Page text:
In California, along with many other places in the West, native trout numbers are getting smaller and smaller. California’s own state fish, the golden trout, is just one troubling example. Scientists have shown a link between fish stocking and these declines. Not only does fish stocking impact trout but also other native fish and amphibian species, most notably those that are found in more remote and isolated waters, such as the mountain yellow-legged frog and Cascades frog.
Despite the numerous studies that show the link between fish stocking and native species declines, the California Department of Fish and Game (DFG) has never formally conducted an environmental review of its stocking practices and their impacts on freshwater ecosystems. In 2006 alone, DFG planted over 50 million trout into California’s lakes, rivers and streams.
After many years of urging DFG to reform its fish stocking program, PRC and our colleagues formally requested that the agency initiate an environmental review of its fish stocking program in order to consider its impacts on imperiled aquatic species. When the review was not conducted, we asked the courts to help us. And we were successful! In May of 2007, the court ruled in our favor holding that DFG must prepare an Environmental Impact Report by the end of 2008. DFG was unable to meet this deadline, however. So PRC went back to court and negotiated a deal with DFG to limit stocking while the agency prepares the EIR, now expected at the beginning of 2010.
The negotiated agreement allows several important categories of fish stocking carried out or permitted by the Department of Fish and Game to move forward in the coming year. These include stocking that is necessary for reintroduction of native fishes to their historical range; stocking deemed necessary for salmon or steelhead recovery; stocking that is specifically required by ongoing mitigation orders or other legal provisos; specific salmon stamp-funded enhancement stocking programs; most stocking in farm ponds and large, man-made reservoirs; and previously permitted private party stocking. Stocking will be curtailed for the time being in waters where any of 25 native fish and amphibian species considered sensitive to fish stocking are known to occur.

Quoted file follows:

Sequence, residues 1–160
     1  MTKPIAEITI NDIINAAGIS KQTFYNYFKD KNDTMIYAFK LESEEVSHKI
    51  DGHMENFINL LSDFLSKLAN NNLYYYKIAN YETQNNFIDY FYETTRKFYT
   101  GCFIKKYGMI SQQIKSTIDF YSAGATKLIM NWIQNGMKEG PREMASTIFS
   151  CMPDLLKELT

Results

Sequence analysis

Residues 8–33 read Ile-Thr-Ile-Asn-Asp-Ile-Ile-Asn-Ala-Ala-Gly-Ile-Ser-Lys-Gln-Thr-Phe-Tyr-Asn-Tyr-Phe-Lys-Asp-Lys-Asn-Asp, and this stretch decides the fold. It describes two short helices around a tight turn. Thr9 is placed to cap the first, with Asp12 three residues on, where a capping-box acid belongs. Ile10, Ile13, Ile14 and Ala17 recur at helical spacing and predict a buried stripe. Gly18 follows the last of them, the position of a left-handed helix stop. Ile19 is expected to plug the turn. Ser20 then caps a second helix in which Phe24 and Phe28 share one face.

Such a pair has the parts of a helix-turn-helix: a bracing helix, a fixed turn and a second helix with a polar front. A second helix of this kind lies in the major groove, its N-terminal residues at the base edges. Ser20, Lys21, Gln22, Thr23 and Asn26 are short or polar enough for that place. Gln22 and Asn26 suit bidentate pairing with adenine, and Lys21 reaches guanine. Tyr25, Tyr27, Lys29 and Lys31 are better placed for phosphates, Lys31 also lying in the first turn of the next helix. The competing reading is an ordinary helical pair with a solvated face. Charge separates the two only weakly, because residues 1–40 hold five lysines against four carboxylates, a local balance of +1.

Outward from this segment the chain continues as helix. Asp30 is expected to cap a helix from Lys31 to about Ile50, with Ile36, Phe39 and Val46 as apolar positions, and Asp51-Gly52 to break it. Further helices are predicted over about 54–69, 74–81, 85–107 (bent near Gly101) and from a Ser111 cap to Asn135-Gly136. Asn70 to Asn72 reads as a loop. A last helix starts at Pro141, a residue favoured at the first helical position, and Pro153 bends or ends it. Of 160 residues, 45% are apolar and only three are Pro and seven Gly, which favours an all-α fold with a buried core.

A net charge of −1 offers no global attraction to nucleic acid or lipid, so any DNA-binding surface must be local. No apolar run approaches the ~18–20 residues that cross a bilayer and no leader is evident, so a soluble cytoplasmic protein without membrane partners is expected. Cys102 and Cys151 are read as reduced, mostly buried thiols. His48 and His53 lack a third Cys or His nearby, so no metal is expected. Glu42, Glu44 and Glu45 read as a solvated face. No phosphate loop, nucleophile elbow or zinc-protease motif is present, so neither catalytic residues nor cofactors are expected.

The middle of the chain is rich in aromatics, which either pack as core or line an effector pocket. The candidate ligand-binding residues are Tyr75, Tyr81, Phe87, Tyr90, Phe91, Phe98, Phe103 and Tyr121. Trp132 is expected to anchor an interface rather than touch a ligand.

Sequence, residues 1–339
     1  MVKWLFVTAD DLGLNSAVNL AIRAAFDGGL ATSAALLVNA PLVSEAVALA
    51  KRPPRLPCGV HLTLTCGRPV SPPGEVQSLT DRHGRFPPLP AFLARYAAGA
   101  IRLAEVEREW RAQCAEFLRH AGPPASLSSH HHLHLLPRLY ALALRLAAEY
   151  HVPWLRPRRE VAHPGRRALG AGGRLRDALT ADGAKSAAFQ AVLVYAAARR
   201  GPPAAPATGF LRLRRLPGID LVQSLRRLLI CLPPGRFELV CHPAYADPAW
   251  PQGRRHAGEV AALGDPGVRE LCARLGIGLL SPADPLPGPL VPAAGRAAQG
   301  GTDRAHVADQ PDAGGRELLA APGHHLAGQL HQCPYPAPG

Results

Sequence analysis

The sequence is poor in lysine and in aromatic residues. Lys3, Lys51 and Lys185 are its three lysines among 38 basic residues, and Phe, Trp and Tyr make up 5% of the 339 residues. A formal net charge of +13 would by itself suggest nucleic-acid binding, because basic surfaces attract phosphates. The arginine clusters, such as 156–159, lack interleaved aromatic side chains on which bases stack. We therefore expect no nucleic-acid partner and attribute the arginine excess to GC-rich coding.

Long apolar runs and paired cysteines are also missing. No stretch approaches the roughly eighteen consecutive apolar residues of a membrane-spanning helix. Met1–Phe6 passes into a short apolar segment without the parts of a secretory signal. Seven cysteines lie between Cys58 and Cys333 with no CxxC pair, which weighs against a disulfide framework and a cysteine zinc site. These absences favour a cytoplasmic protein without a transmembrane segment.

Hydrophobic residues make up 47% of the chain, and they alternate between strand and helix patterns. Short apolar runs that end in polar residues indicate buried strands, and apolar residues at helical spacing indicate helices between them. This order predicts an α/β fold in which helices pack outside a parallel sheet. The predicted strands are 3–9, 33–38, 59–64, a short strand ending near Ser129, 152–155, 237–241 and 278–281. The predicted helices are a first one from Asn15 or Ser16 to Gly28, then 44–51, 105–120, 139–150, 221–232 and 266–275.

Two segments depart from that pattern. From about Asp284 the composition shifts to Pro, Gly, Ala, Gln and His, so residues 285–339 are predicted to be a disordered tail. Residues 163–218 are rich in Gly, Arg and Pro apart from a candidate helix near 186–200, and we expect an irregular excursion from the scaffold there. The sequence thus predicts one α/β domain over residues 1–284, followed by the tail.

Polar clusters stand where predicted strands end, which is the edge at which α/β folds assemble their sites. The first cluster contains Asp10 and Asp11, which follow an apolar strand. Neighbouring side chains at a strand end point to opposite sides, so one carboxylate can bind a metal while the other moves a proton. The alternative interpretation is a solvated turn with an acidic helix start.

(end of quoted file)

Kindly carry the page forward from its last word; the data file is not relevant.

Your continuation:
The DFG is now beginning the first step to protect existing quality habitat and healthy native fish and amphibian populations from further degradation and secure protection of high-quality watersheds from the threat of future stocking.
The DFG will conduct a statewide assessment of the fish stocking program to identify where impacts are occurring and to which native species. This has never been done.
With actual data in hand, we can begin a broader discussion of how to address the historical and ongoing impacts of fish stocking on native aquatic species.
Click here to read more about our work to protect wild species from harmful impacts caused by fish stocking.